‘Despicable Me’ is cool looking but slight

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‘Despicable Me’ is cool looking but slight

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An action scene from ‘Despicable Me’ is shown here. Provided by UPI Korea


Despite some clever moments and colorful characters, “Despicable Me” should be called “Forgettable Me” instead.

It has a pleasingly off-kilter look about it - the work of a French animation house - a strong voice cast led by Steve Carell as the bumbling bad guy Gru and a delightfully cruel sense of humor. It’s actually darker and odder than most family-friendly animated fare, and that’s a good thing - until it goes predictably soft and gooey at the end, that is.

But what’s mainly missing from this first animated 3-D offering from Universal is story. There’s just nothing to Despicable Me, and that becomes glaringly obvious when you compare it to “Toy Story 3” in particular and Pixar movies in general, where story is paramount.

Here, the look of the film is what makes it stand out amid the glut of summer cartoons. The characters are cute in their weirdness, down to Gru’s shaggy, growling dog. Even the trio of spunky orphans crucial to Gru’s latest diabolical plan - Margo (Miranda Cosgrove), Edith (Dana Gaier) and Agnes (Elsie Fisher) - are adorable in an unusual way.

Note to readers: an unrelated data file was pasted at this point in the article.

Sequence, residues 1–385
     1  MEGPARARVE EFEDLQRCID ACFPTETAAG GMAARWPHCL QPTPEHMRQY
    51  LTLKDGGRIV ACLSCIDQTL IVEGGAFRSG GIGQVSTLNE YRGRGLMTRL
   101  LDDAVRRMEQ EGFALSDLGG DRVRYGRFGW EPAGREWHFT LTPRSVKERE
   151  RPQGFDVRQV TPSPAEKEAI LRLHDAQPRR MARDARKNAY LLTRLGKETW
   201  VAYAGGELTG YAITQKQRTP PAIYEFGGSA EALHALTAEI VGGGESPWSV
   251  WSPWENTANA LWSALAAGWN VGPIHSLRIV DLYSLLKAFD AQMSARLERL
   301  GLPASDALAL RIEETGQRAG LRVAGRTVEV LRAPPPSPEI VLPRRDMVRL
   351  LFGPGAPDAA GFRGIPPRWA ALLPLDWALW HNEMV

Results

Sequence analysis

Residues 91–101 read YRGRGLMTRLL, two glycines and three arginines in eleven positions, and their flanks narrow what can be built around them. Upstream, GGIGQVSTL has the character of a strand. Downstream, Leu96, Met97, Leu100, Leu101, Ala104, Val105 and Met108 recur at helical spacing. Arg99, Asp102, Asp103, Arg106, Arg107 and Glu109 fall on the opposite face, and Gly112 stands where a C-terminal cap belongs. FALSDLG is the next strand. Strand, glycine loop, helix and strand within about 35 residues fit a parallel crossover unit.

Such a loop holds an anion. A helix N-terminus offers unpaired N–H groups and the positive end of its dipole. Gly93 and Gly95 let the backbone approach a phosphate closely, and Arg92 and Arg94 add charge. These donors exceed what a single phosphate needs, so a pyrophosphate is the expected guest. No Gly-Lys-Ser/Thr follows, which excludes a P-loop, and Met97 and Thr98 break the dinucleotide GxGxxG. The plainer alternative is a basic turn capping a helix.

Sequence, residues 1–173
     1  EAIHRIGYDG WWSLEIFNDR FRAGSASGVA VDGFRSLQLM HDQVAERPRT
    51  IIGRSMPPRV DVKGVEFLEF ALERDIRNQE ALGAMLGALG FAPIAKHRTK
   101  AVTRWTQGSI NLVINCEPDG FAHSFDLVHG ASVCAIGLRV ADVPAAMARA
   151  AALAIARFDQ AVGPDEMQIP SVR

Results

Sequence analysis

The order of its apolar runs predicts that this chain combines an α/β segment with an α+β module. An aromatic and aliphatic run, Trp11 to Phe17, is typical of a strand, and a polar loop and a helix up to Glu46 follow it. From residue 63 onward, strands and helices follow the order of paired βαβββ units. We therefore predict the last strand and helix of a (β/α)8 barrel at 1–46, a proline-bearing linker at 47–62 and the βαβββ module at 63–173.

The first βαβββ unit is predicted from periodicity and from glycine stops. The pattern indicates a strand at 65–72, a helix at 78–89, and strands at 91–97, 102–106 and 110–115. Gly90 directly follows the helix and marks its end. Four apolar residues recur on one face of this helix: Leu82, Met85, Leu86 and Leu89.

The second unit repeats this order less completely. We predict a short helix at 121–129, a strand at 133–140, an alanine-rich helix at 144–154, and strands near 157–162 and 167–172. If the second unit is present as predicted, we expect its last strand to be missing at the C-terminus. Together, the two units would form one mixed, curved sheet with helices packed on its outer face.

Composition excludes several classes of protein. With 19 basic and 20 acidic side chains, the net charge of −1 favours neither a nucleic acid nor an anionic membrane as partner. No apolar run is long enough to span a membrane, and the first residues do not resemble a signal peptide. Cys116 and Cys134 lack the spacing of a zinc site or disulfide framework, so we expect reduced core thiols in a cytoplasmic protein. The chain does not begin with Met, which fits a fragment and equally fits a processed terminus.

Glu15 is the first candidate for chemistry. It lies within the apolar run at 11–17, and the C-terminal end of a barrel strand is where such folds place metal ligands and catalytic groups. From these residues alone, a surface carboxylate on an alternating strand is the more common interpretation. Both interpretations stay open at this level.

The scene-stealers, though, are the Minions: tiny, yellow, pill-shaped creatures with one eye - sometimes two - that carry out Gru’s evil deeds. At least, they try. But they’re also super-cute: bouncing around, reveling in mischief and babbling to each other in their own gibberish. If Despicable Me had come out closer to Christmas, Minions probably would have made great stocking stuffers.

The movie starts out promisingly enough, though. Directed by Pierre Coffin and Chris Renaud and written by Ken Daurio and Cinco Paul (from a story by Sergio Pablos), it moves along breezily with slapstick energy and a multitude of sight gags.

The heavyset Gru, with his hunched carriage, indeterminate Eastern European accent and environmentally unfriendly vehicle, hatches a plan to steal the moon. Who cares that doing so will throw Earth out of whack? He figures this is the best way to compete with Vector (Jason Segel), a hyperactive, up-and-coming villain whose retro-cool lair resembles a boutique hotel.

But Vector has the shrink ray Gru needs to zap the moon down to a manageable size, so he adopts the trio of plucky young orphans and sends them into the house under the guise of selling cookies as a means of gaining access.

Despicable Me throws everything it’s got at us - sometimes literally. The 3-D gimmick of flinging stuff at the audience gets played up for knowing laughs here, especially during the closing credits. Kids will dig it, adults will smile with amusement, and no one will be any different afterward than when they walked into the theater.

‘Despicable Me’

Animated / English
95 min
Now playing


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